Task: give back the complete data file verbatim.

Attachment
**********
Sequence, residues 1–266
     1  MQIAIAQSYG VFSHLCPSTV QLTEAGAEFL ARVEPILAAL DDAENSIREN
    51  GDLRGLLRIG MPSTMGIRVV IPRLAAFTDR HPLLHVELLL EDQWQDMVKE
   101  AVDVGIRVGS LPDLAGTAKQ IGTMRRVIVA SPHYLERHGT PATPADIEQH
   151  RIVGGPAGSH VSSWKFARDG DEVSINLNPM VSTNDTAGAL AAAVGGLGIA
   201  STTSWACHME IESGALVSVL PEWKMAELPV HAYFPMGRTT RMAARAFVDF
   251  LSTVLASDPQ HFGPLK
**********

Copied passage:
Sequence, residues 1–266
     1  MQIAIAQSYG VFSHLCPSTV QLTEAGAEFL ARVEPILAAL DDAENSIREN
    51  GDLRGLLRIG MPSTMGIRVV IPRLAAFTDR HPLLHVELLL EDQWQDMVKE
   101  AVDVGIRVGS LPDLAGTAKQ IGTMRRVIVA SPHYLERHGT PATPADIEQH
   151  RIVGGPAGSH VSSWKFARDG DEVSINLNPM VSTNDTAGAL AAAVGGLGIA
   201  STTSWACHME IESGALVSVL PEWKMAELPV HAYFPMGRTT RMAARAFVDF
   251  LSTVLASDPQ HFGPLK